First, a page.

Generally speaking, a torque wrench is used to make it easy to apply torque, also known as rotational force, to a nut or a bolt. A torque wrench allows not only for easy application of this rotational force, but also for its precise application, helping to prevent the over tightening of a nut. This is of critical importance when working with sensitive machinery such as a car's engine, computer hardware, or any other mechanisms with moving and/or fragile components.

Manually Powered Torque Wrenches

While a manually powered torque wrench might not be able to deliver as much force as an electrically or pneumatically powered option, what it lacks in raw power it more than makes up for in terms of precision and control. Whether you choose a highly sensitive hand powered torque wrench with an adjustable range of foot pound settings (many hand torque wrenches can be set for anywhere between 30 to well over 200 foot pounds) or if you simply trust the deftness of your own wrist to stop turning when needed and choose a simpler, more affordable option, these tools can be a great asset to workers in various industries.

From the plumbing of the toilet to the shelves in the garage, you will find hardware almost everywhere you look that can be serviced by a compact torque wrench.

A hand powered torque wrench can also be useful for everyday use, making it easier to change a tire, build certain pieces of prefabricated furniture, or to loosen or tighten any of the many nuts and bolts found around the house. From the plumbing of the toilet to the shelves in the garage, you will find hardware almost everywhere you look that can be serviced by a compact torque wrench.

The only major shortfall of a hand operated torque wrench is its lack of speed, which can indeed be an issue when you have multiple nuts or bolts to service. For the professional working on an assembly line or servicing a large machine, there's no substitute for a good powered torque wrench.

The price range for manual torque wrenches is vast, so make sure to carefully consider you needs before you spend $150 on a top-of-the line manual option when a $25 torque wrench would have sufficed.

Electric Torque Wrenches

When you have lots of nuts and bolts to tighten, save your wrist and turn instead to a powered torque wrench. A pneumatic torque wrench can deliver loads of power, but these units also require a compressor; thus the popularity of the electric torque wrench both with professionals and amateur hobbyists alike.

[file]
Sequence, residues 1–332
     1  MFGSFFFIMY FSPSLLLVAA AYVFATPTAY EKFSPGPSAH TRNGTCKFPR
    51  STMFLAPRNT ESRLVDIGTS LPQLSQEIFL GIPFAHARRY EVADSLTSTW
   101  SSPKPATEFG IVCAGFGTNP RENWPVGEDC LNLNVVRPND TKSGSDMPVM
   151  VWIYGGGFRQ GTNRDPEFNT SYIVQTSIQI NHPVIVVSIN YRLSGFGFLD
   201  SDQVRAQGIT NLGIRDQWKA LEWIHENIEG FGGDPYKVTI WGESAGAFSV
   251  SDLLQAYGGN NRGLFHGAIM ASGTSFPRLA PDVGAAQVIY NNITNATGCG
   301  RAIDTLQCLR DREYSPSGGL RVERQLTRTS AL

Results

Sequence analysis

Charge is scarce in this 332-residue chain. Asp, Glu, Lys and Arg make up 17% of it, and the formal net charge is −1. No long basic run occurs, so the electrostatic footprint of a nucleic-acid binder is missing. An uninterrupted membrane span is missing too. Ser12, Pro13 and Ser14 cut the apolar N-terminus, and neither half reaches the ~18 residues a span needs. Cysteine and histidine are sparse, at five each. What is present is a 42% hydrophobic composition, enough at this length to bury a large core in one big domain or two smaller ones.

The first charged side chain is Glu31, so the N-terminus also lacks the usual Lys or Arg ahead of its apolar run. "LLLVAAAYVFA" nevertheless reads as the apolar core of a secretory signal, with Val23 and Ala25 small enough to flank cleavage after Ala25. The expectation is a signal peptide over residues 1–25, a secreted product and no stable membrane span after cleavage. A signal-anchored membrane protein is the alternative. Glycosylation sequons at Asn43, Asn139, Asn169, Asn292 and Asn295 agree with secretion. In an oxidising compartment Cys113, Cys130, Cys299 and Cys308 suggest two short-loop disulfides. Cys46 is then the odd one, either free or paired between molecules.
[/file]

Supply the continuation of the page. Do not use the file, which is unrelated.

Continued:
When you have lots of nuts and bolts to tighten, save your wrist and turn instead to a powered torque wrench.

A good battery powered torque wrench can deliver up to 1,100 foot pounds of twisting action, which is more than enough muscle for use in the automotive industry, for use in construction, or for any number of other commercial grade applications. Often, however, an electric torque wrench is at its most useful not when tightening a nut or bolt but rather when loosening and removing a piece of hardware.

Especially when it comes to older nuts or bolts that have been rusted in place or for that finicky lug nut stubbornly refusing to budge when you need to change a tire, an electric torque wrench can provide the reverse power needed to get the nut or bolt to back out.

If you want a decent battery powered torque wrench, you will need to be ready to spend several hundreds of dollars. But you will also be ready for almost any project that involves nuts and bolts. And if you suffer from arthritis or have hands or wrists weakened by age, injury, or infirmity, a power tool is a great way to save yourself from the discomfort caused by constant twisting motions.

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Melissa Harr
Last updated on June 27, 2019 by Melissa Harr

Melissa Harr is a language-obsessed writer from Chicagoland who holds both a bachelor of arts and master of arts in English. Although she began as a TEFL teacher, earning several teaching certificates and working in both Russia and Vietnam, she moved into freelance writing to satisfy her passion for the written word. She has published full-length courses and books in the realm of arts & crafts and DIY; in fact, most of her non-working time is spent knitting, cleaning, or committing acts of home improvement. Along with an extensive knowledge of tools, home goods, and crafts and organizational supplies, she has ample experience (okay, an obsession) with travel gear, luggage, and the electronics that make modern life more convenient.